The sense of deep connection with nature does not exclude for even a second the awareness of universal ephemerality so that, at this point, it becomes clear that in this novel the recurrent hints at the images of autumn (the pale leaves, the leafless trees) correspond to the “kigo” present in every haiku, the element that enables the precise positioning both in the season and in the moral space of the Japanese soul.

It is not accidental that Aki’s correspondence with Yasuaki lasts for one year, from one autumn to another, both of them being convinced that this exchange of letters is meant to end at one time, after they have reached a reconciliation – be it a partial one – with the events that left an imprint on their lives. In fact, their correspondence embroiders, as if on a pre-existing pattern, on the theme of the past, but, having now reached another age and having accumulated a different life experience, the protagonists will, on having made their confessions, finally be able to truly glance at the future as well. Autumn thus becomes not only the sign of the end – the end of the correspondence between the former spouses, the end of the formal marriage of Aki – the one who finally decidesto leave her husband, who has had an extramarital affair for years – but also the sign of a new beginning, onewhich they have to find, eachfor oneself, and nourish with the memories they have only now entirely embraced. Because, on the other hand, it is obvious that the sense of deep connection with nature does not exclude for even a second the awareness of universal ephemerality so that, at this point, it becomes clear that in this novel the recurrent hints at the images of autumn (the pale leaves, the leafless trees) correspond to the “kigo” present in every haiku, the element that enables the precise positioning both in the season and in the moral space of the Japanese soul. It is in this sense that one should read the assertion of Aki who, after having separated from her first husband, became passionate about Mozart’s music and even found, starting from the symphonies she would listento in a café called – again, not accidentally – “Mozart”, that “living and dying mean the same thing.” Yasuaki’sreply runs in the same line as he understands, after many years and a lot of suffering,that living differently does not necessarily mean living the way he had dreamed ofand, more importantly,as in his letters to Aki he also takes courageto confess this realization – otherwise well hidden under the guise of the cynicism he flaunts everywhere and of his excessive self-confidence.And his self-confidence is once again shattered by the unexpected meeting with his ex-wife, who is apparently blooming and cheerful but who is,in fact, torn by the suffering that overwhelms her, as she is incapable of lovingher new husband and of really helping her severely ill son.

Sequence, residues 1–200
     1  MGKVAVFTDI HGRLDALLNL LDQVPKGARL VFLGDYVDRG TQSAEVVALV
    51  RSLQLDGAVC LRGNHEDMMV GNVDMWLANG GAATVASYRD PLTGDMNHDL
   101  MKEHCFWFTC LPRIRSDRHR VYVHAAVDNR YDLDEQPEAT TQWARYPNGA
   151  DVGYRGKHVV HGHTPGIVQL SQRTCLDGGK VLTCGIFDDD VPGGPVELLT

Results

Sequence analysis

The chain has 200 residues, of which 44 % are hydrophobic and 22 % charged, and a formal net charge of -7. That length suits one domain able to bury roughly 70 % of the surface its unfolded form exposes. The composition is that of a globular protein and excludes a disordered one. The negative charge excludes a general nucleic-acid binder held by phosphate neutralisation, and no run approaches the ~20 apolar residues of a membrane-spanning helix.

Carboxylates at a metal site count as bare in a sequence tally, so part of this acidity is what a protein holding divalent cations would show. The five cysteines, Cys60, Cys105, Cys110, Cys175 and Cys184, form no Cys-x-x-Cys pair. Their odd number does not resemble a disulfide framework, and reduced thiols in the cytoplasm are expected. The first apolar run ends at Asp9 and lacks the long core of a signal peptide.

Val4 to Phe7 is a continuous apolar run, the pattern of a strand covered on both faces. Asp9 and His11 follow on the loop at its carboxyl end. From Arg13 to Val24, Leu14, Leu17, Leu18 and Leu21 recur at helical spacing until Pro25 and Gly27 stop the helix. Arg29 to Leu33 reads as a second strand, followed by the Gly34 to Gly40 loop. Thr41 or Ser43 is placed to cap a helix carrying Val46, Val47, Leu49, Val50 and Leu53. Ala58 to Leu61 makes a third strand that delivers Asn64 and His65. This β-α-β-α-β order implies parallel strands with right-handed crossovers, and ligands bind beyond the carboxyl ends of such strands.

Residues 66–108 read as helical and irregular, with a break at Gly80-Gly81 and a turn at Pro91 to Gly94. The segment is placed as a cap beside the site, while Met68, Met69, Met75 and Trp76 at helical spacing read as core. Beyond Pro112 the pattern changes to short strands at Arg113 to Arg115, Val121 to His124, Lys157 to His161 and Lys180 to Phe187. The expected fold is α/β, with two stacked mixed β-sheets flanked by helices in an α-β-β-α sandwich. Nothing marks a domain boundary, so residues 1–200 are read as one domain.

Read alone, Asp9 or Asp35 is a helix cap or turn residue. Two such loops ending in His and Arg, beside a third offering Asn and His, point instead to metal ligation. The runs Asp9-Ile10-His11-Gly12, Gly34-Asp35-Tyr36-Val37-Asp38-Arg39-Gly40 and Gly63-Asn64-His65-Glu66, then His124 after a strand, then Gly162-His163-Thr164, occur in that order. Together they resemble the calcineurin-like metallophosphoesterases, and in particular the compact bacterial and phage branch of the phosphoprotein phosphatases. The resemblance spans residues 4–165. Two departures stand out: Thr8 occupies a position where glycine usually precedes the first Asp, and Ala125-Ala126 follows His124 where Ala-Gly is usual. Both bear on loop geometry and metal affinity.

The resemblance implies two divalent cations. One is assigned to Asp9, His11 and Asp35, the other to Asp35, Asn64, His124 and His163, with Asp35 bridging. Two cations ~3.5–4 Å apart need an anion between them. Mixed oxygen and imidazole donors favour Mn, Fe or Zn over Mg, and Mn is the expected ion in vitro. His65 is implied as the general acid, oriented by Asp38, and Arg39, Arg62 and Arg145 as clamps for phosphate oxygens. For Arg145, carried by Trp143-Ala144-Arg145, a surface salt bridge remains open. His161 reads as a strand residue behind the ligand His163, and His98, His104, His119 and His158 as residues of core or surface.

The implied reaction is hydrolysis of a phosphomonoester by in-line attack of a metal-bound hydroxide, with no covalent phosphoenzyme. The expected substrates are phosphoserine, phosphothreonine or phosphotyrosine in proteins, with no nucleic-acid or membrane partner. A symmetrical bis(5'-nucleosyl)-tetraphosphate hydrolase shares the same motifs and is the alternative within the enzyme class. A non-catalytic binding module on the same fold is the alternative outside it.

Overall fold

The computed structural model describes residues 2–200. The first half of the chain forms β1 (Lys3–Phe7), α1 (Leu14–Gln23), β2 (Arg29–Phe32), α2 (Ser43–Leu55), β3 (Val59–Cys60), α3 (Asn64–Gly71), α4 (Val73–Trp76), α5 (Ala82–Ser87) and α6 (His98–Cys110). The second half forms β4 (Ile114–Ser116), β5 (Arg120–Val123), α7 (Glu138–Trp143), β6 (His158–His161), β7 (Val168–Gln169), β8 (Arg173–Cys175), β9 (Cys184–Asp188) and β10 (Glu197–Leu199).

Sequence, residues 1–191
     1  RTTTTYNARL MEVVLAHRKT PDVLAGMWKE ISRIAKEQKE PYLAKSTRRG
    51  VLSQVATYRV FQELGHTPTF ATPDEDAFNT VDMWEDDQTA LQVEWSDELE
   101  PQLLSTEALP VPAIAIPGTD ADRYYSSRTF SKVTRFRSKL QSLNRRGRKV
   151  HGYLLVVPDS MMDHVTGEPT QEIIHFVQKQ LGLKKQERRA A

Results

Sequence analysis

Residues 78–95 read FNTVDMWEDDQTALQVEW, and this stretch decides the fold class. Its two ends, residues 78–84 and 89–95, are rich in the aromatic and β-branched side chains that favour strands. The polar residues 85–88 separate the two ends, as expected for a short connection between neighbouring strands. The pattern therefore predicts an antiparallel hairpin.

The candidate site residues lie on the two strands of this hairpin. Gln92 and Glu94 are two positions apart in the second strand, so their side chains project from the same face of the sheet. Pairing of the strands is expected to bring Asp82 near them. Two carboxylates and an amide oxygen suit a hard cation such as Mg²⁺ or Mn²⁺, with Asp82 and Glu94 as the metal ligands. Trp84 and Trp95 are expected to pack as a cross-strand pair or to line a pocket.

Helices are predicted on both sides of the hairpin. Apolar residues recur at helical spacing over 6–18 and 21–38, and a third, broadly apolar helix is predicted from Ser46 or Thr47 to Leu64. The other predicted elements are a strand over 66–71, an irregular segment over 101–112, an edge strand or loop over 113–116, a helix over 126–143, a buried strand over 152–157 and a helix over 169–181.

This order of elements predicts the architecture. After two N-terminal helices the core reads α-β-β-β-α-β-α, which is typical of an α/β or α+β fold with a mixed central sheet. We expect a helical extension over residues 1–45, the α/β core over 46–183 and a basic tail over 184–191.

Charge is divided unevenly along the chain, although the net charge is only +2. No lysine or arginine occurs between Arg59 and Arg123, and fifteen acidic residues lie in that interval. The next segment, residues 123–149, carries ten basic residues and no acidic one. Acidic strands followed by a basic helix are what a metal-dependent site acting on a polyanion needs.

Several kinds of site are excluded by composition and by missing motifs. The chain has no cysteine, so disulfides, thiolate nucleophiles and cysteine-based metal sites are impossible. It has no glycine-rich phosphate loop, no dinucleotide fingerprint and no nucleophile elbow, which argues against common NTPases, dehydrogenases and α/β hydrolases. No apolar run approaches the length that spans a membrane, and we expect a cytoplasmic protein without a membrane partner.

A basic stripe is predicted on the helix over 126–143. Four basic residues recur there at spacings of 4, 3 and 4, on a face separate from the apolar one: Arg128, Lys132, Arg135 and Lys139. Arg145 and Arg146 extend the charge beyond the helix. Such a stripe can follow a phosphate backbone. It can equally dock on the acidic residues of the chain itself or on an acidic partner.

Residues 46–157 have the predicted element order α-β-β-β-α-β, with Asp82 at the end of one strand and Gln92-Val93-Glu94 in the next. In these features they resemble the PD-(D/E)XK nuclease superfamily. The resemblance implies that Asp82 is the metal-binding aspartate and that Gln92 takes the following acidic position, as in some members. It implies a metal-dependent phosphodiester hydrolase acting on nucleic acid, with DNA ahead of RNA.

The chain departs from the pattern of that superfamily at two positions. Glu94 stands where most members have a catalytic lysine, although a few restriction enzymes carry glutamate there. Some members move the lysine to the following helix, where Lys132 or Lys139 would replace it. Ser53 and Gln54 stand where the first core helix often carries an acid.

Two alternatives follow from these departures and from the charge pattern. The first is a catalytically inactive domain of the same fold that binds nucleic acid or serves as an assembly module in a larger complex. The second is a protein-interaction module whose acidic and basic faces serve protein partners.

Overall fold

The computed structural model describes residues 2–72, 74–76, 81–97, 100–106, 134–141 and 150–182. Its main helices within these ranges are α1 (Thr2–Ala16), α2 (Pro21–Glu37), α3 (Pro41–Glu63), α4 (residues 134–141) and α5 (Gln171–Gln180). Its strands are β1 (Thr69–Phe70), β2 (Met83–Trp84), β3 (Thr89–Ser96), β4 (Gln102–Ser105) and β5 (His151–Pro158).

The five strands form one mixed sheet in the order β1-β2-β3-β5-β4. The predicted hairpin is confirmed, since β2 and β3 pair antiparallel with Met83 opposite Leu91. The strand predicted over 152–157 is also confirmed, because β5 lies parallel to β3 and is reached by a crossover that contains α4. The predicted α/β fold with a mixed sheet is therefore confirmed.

Yasuaki perceives at least part of her suffering the night he sees her contemplate the autumn sky in the mountains, without her noticing him. It is a night in which they both look at the same sky and at the same leafless trees, but, as emphasized in Teru Miyamoto’s novel, “from different places”, as if to reinforce Yasuaki’s conclusion: “How full of sadness life is!” In fact, the writer’s art also consists of his extraordinary ability to capture the sadness of existence, particularly the sadness of the two spouses’ existence, as well as the loneliness which they both try to live in – or dodge – so that their lives should retain at least a semblance of normalcy. And their sadness and loneliness paradoxically become, during the letter-writing which they both prolong for one year, the brocade which protects them from the cold of any autumn and which helps them try to start it all over again. Or, if not quite all, at least what is still possible.

Teru Miyamoto, „Brocart de toamnă” („Kinshu: Autumn Brocade”), translated into Romanian by Angela Hondru, Humanitas Fiction Publishing House, 2022

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Despre autor

Rodica Grigore

Este conferențiar (disciplina Literatura comparată) la Facultatea de Litere și Arte a Universității „Lucian Blaga” din Sibiu; doctor în filologie din anul 2004. Volume publícate: „Despre cărți și alți demoni” (2002), „Retorica măştilor în proza interbelică românească” (2005), „Lecturi în labirint” (2007), „Măşti, caligrafie, literatură” (2011), „În oglinda literaturii” (2011, Premiul „Cartea anului”, acordat de Filiala Sibiu a Uniunii Scriitorilor din România), „Meridianele prozei” (2013), „Pretextele textului. Studii și eseuri” (2014), „Realismul magic în proza latino-amerieană a secolului XX. (Re)configurări formale şí de conținut” (2015, Premiul Asociației de Literatură Generală și Comparată” din România, Premiul G. Ibrăileanu pentru critică literară al revistei „Viața Românească”, Premiul „Cartea anuluì”, acordat de Filiala Sibiu a U.S.R.), „Călătorii în bibliotecă. Eseuri” (2016), „Cărți, vise și identități în mișcare. Eseuri despre literatura contemporană” (2018, Premiul „Șerban Cioculescu”, acordat de revista „Scrisul Românesc”), „Între lectură și interpretare. Eseuri, studii, cronici” (2020). Traduceri: Octavìo Paz, „Copiii mlaștinii. Poezia modernă de la romantism la avangardă” (2003/2017), Manuel Cortés Castañeda, „Oglinda Celuilalt. Antologie poetică” (2006), Andrei Oodrescu, „Un bar din Brooklyn. Nuvele şi povestiri” (2006, Premiul pentru Traducere a1 Filialei Sibiu a U.S.R.). A coordonat şi a realizat antologia de texte a Festivalului Internațional de Teatru de la Siblu, în perioada 2005-2012. A publicat numeroase articole în presa literară, în revistele: „Euphorion”, „Observator Cultural”, „Saeculum”, „Scrisul Românesc”, „Viața Românească”, „Vatra” etc. Colaborează cu studii, eseuri şi traduceri la publicații culturale din Spania, Mexic, Peru şi Statele Unite ale Americii. Face parte din colectivul editorial al revistei „Theory in Action. The Journal of Transformative Studies Institute” de la New York.